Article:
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Growth In Manufacturing Tempered By Low-Wage Jobs

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Growth In Manufacturing Tempered By Low-Wage Jobs

Economy

Growth In Manufacturing Tempered By Low-Wage Jobs

Growth In Manufacturing Tempered By Low-Wage Jobs

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  • <iframe src="https://www.npr.org/player/embed/375671974/375672038" width="100%" height="290" frameborder="0" scrolling="no" title="NPR embedded audio player">
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President Obama is touting growth in manufacturing jobs, but if they're low-wage jobs is that a good thing?

MELISSA BLOCK, HOST:

New cars, and plenty of them, are driving off the sales lot - 16.5 million in the last year, in fact. It's the best performance for the U.S. auto industry since 2006.

ROBERT SIEGEL, HOST:

President Obama, who famously bailed out Chrysler and General Motors, celebrated the industry's rebound today at a Ford Motor Plant in Wayne, Michigan.

(SOUNDBITE OF ARCHIVED RECORDING)

PRESIDENT BARACK OBAMA: Plants like this one built more than just cars, they built the middle class in this country. And that was worth fighting for.

(APPLAUSE)

BLOCK: The administration sees the resurgent auto industry as part of a broader turnaround for U.S. manufacturing. But as NPR's Scott Horsley reports, the gains aren't necessarily being shared with America's factory workers.

SCOTT HORSLEY, BYLINE: President Obama's backdrop today was a unionized assembly plant in Michigan; the traditional epicenter of the U.S. auto industry. But you might get a better feel for what's happening in that industry by traveling south to a nonunion parts plant in a place like Selma, Alabama. That's where Latasha Irby works making foam car seats for a Hyundai supplier. After nine years on the job, Irby makes $11.33 an hour.

LATASHA IRBY: You would think that if you're working for an auto manufacturer, you would get more. I mean, we're getting paid like Walmart wages.

HORSLEY: Irby's story is not unusual. While the U.S. auto industry has added hundreds of thousands of jobs since bottoming out during the recession, many of those jobs are in nonunion parts plants where pay and benefits are typically lower. Auto suppliers increasingly rely on temporary firms to staff their factories. As a result, auto workers no longer command the premium pay they once did.

Sarah Leberstein, who wrote about the trend for the National Employment Law Center, sees a similar decline in pay for other factory workers.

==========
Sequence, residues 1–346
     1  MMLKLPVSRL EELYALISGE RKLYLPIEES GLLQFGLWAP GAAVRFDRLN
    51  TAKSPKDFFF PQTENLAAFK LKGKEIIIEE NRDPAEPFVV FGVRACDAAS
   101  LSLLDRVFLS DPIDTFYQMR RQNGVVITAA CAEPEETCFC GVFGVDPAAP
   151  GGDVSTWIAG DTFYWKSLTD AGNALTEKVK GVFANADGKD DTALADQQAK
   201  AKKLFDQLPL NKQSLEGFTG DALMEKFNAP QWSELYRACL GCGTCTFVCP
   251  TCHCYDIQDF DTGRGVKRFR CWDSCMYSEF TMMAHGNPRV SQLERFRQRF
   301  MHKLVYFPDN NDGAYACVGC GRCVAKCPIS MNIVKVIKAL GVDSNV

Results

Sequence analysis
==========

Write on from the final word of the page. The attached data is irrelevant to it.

SARAH LEBERSTEIN: New manufacturing jobs simply aren't as good as the ones that we've lost in recent years.

HORSLEY: For most of the last decade, factory workers, on average, earned less than other private sector employees. One out of four manufacturing workers now makes less than $12 an hour.

LEBERSTEIN: That's just not a living wage. Workers aren't earning enough to support their families. So this really calls into question whether manufacturing jobs are living up to their promise. States and local governments are throwing a lot of money in tax breaks and subsidies to manufacturers that are promising good jobs, but too often are not delivering.

HORSLEY: The Obama administration has actively promoted manufacturing, setting up several specialized institutes for that purpose. And U.S. factories did add more than 170,000 jobs last year. White House economist Jason Furman still highlights that as though factory jobs paid what they used to.

JASON FURMAN: You have seen over at least the past year, an improvement in the mix. The jobs that are being added a faster pace are in higher-wage sectors like construction and manufacturing.

HORSLEY: To be sure, a strong manufacturing sector has other benefits, including above-average investment in research and development. And as the broader job market improves, wages should start climbing as well. But factory work is no longer the sure-fire gateway to the middle class it once was. That's something for political leaders to think about before donning their hard hats and safety goggles. Scott Horsley, NPR News, the White House.

SIEGEL: You're listening to ALL THINGS CONSIDERED from NPR News.

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